Lilith pretty much knew what she meant. The two hadn’t known each other that long. They met briefly a number of years back, and then earlier this year, Dick had asked her to help Duela sort through some personal stuff. The two only had a couple sessions in Titans Tower back east when Duela felt like she needed a break. Lilith guessed she wanted to continue now. She took a deep breath. “Yes, I guess that’s fine,” she said. “I have the kids coming in for a training session in a bit first. We can talk after that.”
“Sounds good,” Karen said as she picked up her bag. “Lilith, she can help you with the training, if you want.” She turned to her other friend. “You’re in good hands, Duela. I’ll see you all tomorrow.” The black woman then exited the room and made her way to the elevator. Her next stop was the parking deck.
It wasn’t too long before Karen was through the tail end of morning traffic and driving south down Interstate 5. I felt bad bringing up the will reading in front of Lilith, she thought to herself. Just one of those awkward moments, I guess.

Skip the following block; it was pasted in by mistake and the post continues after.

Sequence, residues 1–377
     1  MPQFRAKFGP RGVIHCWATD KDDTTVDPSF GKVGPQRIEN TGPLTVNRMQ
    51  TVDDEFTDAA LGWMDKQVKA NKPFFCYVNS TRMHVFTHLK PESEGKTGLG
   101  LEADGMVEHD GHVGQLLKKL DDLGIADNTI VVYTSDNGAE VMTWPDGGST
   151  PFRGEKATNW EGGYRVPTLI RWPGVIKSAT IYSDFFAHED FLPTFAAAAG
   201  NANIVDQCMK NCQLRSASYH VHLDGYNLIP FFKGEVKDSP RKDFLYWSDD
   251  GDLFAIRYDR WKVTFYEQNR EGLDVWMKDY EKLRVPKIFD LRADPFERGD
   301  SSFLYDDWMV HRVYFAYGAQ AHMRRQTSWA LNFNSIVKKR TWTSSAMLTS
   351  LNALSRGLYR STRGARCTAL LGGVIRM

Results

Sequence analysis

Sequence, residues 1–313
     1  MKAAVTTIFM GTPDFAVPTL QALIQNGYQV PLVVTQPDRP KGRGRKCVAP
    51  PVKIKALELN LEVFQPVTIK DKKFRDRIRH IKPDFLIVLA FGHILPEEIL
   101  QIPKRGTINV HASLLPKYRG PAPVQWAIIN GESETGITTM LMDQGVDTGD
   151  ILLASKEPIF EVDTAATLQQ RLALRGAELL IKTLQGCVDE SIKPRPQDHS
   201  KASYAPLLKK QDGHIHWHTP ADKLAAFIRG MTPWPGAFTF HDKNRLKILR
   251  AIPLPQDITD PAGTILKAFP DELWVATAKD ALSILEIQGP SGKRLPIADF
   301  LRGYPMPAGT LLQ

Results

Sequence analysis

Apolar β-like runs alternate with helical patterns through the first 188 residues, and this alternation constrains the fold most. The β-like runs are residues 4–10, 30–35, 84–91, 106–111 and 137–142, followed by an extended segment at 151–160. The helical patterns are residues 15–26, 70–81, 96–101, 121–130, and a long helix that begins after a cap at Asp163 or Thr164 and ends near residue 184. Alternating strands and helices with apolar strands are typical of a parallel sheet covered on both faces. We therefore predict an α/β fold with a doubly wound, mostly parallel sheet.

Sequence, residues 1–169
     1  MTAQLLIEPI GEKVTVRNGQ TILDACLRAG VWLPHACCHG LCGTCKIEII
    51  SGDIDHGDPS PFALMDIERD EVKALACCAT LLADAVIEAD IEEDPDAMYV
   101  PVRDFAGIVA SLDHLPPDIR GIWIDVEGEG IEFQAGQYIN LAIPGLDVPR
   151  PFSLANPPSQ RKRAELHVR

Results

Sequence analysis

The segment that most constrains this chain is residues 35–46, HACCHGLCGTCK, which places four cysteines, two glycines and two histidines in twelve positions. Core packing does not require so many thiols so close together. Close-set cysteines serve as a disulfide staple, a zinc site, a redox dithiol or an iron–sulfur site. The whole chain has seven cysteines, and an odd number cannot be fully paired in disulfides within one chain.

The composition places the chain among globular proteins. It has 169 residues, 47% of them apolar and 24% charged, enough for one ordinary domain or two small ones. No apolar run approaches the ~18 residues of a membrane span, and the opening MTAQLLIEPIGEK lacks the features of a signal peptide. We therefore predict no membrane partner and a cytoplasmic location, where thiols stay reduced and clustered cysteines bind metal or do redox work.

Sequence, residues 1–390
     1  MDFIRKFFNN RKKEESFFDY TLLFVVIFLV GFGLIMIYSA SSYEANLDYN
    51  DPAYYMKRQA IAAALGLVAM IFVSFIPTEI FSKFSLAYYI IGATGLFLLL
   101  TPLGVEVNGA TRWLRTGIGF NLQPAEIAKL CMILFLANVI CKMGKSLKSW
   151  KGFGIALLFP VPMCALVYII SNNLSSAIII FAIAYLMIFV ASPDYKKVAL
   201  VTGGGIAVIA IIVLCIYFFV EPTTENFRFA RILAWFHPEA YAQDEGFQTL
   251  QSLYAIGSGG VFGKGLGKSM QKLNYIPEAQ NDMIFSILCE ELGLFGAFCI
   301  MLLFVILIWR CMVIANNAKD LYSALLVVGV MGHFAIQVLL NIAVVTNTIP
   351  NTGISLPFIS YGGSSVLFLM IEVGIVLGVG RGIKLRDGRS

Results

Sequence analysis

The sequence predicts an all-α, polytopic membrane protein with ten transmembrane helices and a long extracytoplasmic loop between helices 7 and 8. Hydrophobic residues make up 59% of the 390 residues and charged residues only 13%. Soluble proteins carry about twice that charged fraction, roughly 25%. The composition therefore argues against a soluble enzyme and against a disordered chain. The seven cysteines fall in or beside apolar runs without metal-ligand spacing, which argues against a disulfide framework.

She frowned slightly as she kept her eyes on the road about her. Still hard to believe that Blake is gone, she thought. He was so young, too — barely forty. What a waste! A brilliant man killed in an automobile accident. With some sadness, her thoughts began to wander back in time.
The year was 1981, and freshman Karen Beecher was attending Manhattan University, where she was studying science. The bright young woman had just turned nineteen at the beginning of the calendar year and was already recognized as one of the most promising students in the class. Though she was attending school on an academic scholarship, she still was looking for something to supplement her expenses.
“How about somethin’ in the cafeteria?” her friend Sandra asked as they stood in front of a bulletin board with various cards of information tacked to it.
“No,” young Karen said as she scanned the offerings with an intent eye. “I want something more.” She paused for a second to read, smiled, and snatched a card. “Here!”
“What is it?” Sandra asked, looking over Karen’s shoulder at the card in her hand. “Lab assistant?”
“Yep!” Karen said. “This is exactly what I was lookin’ for!”
Sandra rolled her eyes. “OK, bookworm,” she said. “Have fun meetin’ guys there!”
Karen shook her head. “You know I’ve got a man,” she said with a smile.
“Don’t you think you can do better?”